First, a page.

The third bucket is for contested categories like fishing, fitness equipment, and bikes, where there was inflated demand during COVID. We expected these companies to decline from last year. That said, on average, they’re still where they were in 2019 by 20% across all three categories, and that’s below the 36% but still good.

Gross margins decreased by 20 basis points but increased by more than 600 basis points compared to the first quarter of 2019 and the merchandise margin improved by 20 basis points year over year other. Do you see any promotional pressures? We haven’t seen, at least in the categories we sell, a return to extreme promotions like in the market three or four years ago. That said, there has been a lot of press about retailers having heavy inventory and the potential use of promotions. We are in a healthy inventory position. We haven’t had to do that yet; however, we have guided revenue down for the remainder of the year, which implies that we will have in-app promotions. There will be targeted promotions around key periods of unavoidable market share. We think there could be promotions, and we are ready to do so. If the market stays clean and there aren’t as many promotions, we’re not going to dwell too much on that.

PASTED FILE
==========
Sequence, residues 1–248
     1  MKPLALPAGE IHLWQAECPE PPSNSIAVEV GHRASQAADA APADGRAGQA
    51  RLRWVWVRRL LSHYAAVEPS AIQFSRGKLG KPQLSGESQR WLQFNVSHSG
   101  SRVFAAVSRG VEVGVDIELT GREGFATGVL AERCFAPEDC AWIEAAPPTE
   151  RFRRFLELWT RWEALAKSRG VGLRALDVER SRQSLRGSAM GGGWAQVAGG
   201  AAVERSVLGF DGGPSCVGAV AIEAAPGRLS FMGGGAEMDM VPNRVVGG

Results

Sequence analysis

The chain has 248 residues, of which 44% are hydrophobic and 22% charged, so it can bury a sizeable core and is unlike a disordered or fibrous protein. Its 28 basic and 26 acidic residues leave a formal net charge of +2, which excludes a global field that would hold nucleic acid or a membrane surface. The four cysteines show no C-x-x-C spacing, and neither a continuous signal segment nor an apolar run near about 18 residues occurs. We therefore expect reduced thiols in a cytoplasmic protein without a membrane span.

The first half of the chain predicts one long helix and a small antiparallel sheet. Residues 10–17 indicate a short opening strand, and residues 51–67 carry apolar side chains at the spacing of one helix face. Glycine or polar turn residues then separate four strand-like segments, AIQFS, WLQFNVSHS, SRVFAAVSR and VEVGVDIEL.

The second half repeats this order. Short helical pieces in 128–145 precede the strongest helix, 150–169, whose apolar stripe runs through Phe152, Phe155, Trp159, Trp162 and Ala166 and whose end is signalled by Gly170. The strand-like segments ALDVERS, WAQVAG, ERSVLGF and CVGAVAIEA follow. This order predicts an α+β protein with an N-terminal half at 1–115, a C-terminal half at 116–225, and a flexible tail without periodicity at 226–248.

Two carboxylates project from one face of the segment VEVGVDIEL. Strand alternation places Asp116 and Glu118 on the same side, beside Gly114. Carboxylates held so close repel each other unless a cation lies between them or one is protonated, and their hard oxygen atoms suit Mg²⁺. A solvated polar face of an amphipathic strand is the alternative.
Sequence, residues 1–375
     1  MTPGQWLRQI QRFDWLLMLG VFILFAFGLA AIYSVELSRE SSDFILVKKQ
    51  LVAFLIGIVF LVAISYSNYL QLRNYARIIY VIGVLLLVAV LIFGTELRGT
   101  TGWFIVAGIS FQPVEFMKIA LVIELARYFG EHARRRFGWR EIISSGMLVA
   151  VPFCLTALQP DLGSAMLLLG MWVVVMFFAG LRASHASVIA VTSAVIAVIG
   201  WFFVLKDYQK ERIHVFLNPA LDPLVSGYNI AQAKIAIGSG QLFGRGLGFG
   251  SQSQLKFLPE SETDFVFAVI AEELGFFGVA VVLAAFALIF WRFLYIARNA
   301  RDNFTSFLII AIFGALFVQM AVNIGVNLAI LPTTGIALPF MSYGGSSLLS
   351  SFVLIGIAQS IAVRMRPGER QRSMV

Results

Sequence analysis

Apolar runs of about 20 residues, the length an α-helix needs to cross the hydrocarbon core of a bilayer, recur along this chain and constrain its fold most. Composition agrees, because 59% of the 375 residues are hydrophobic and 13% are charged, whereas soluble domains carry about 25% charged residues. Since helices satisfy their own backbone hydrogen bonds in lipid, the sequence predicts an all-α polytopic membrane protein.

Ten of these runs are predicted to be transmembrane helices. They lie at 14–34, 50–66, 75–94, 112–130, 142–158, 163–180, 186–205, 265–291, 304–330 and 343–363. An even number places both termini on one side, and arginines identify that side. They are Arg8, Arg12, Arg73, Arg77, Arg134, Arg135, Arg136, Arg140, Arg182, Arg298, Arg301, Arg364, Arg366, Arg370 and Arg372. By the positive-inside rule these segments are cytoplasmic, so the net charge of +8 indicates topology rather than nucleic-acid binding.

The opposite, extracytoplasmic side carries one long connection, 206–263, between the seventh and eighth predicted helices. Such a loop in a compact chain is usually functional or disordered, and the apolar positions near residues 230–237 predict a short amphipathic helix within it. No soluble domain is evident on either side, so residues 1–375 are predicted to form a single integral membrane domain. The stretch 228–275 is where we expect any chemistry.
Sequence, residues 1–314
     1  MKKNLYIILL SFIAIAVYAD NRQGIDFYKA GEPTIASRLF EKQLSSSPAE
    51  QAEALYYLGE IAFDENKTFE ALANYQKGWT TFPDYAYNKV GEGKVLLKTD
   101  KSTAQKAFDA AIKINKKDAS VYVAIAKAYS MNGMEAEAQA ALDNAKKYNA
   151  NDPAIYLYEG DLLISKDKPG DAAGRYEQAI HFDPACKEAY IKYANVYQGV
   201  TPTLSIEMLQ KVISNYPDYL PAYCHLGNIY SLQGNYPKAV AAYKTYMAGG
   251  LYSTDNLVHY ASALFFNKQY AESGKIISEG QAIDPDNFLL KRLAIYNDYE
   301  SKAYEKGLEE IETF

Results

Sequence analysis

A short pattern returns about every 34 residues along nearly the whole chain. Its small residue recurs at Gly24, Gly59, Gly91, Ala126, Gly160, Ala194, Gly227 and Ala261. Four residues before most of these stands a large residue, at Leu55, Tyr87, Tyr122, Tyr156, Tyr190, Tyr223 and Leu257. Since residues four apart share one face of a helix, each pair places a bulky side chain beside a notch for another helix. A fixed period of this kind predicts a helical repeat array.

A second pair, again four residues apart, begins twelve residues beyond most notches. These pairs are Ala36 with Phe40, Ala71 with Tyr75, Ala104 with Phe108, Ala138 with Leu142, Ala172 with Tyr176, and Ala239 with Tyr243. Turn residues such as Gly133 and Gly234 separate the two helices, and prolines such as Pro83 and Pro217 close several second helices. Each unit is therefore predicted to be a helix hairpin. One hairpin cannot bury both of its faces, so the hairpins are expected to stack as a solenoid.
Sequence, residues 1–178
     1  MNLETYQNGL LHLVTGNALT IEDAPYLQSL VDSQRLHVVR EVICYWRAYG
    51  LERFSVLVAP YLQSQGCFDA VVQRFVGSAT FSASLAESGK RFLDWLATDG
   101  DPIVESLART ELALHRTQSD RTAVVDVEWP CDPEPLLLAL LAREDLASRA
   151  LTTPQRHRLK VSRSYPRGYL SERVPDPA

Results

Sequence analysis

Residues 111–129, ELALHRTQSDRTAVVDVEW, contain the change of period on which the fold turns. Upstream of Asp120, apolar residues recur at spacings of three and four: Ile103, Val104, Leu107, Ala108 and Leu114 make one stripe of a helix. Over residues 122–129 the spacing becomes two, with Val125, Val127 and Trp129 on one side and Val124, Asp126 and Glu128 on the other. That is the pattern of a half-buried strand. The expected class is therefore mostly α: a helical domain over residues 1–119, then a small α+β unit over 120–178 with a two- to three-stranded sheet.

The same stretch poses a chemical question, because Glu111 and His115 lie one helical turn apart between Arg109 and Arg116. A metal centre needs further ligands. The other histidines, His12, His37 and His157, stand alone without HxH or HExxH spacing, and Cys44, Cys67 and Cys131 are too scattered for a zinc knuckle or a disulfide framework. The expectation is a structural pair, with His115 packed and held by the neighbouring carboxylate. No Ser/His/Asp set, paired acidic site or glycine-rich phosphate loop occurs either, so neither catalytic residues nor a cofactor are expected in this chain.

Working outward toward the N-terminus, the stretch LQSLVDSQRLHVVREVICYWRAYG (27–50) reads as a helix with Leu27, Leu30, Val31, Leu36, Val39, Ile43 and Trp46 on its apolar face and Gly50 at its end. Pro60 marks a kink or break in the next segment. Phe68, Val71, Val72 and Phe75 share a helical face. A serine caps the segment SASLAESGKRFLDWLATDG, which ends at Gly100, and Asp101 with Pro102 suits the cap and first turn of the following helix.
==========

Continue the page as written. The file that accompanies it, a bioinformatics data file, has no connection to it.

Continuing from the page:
How does the Academy offset inflationary pressures? Inflation creeps into almost everything. We don’t sell gasoline and groceries, so we haven’t seen it as much as those sectors have. But we have certainly seen cost increases for some of the products we sell. We thought about where, how and when we raised prices. We have a price optimization tool, Revionics, which tells us what the elasticity is if we adjust prices. We thought that if we take a price increase, the customer won’t feel it or see it. We pay attention to this because we are the value player. We believe that one of the benefits of the environment we live in is that people will look to trade lower and there could be a flight to value due to inflation. We try to make sure the prices are correct. We’re reviewing it with that in mind for any price increases as we think about making adjustments.

E-commerce grew 18.8%, but you also just opened your first store in two years. Can you talk about future growth drivers? We are pleased with the growth of Our business has been strong throughout the second half of last year and this year. We are now at around 10% penetration in the total business. We know our competitors have much higher penetration than that. We therefore believe this indicates a continued opportunity to grow the business. We are also opening eight stores this year, including our new store in Conyers, GA, which opened in the first quarter. It was one of the best store openings in a long time, which bodes well for new stores this year. We anticipate between 80 and 100 new stores over the next five years. But beyond new stores and, we believe growth will come from being better operators. Better manage our existing boxes and be smarter in inventory management. We think those three things give us different growth opportunities, and we’re excited.

Photos courtesy of Sports + Outdoors Academy